Value of FDG PET in assessment of treatment response and surveillance in head-and-neck cancer patients after intensity modulated radiation treatment: A preliminary report

Min Yao, Michael M. Graham, Russell B. Smith, Kenneth J. Dornfeld, Mark Skwarchuk, Henry T. Hoffman, Gerry F. Funk, Scott M. Graham, Yusuf Menda, John M. Buatti

Research output: Contribution to journalArticle

79 Scopus citations

Abstract

[18F] fluorodeoxyglucose positron emission tomography (FDG PET) imaging has been shown to be valuable in early detection of persistent and recurrent head-and-neck cancer after treatment. Previous studies have reported its use in patients treated with conventional radiation. Many patients are now treated with intensity-modulated radiation treatment (IMRT). We evaluated the value of FDG PET in the assessment of treatment response and surveillance in head-and-neck cancer patients treated with IMRT. We performed a retrospective review of 85 head-and-neck cancer patients treated with IMRT at our institution between December 2000 and September 2003 who had FDG PET in their follow-up. Of these, 58 were treated with primary IMRT with or without chemotherapy, and 27 were treated with postoperative IMRT. Sixty-four patients had negative initial FDG PET after treatment. Forty of them, who had 6 to 24 months of follow-up after the imaging study, had no evidence of local or regional recurrence, although three of them developed distant disease. Twenty-one patients had a positive initial FDG PET after treatment, with 11 positive at the primary site, 9 positive in the neck, and 3 positive distantly. Six of 11 patients with a positive FDG PET at the primary site were true positive, and 3 had salvage surgery. Eight of 9 patients positive in the neck had a salvage neck dissection. One had fine needle aspiration of the lymph node with positive cytology but refused surgery later. For patients with follow-up of 6 months and longer, only 1 of 45 patients with a negative initial FDG PET at the primary site developed a local recurrence. None of 49 patients with a negative initial FDG PET in the neck developed a regional recurrence. Two cases are presented in which abnormal FDG PET preceded laryngoscopy or computed tomography in detection of tumor recurrences. FDG PET is useful in the posttreatment management of head-and-neck cancer patients treated with IMRT. It is highly accurate in the detection of persistent and recurrent disease after treatment and allows salvage treatment to be initiated in a timely manner. It also provides prognostic information concerning the risk of recurrence after curative therapy.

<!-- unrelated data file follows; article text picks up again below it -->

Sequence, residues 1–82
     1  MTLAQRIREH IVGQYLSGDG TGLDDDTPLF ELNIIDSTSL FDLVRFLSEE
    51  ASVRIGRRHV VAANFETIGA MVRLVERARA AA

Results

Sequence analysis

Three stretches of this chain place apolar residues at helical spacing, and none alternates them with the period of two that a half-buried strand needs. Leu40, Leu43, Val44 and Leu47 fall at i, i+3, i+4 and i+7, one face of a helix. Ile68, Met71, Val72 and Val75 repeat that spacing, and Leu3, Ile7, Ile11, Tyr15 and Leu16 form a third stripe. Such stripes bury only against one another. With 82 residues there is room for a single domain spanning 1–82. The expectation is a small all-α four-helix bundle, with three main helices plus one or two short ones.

Original languageEnglish (US)
Pages (from-to)1410-1418
Number of pages9
JournalInternational Journal of Radiation Oncology Biology Physics
Volume60
Issue number5
DOIs
StatePublished - Dec 1 2004

Keywords

  • FDG PET
  • Head-and-neck cancer
  • Intensity-modulated radiation treatment
  • Surveillance
  • Treatment response

ASJC Scopus subject areas

  • Radiation
  • Oncology
  • Radiology Nuclear Medicine and imaging
  • Cancer Research

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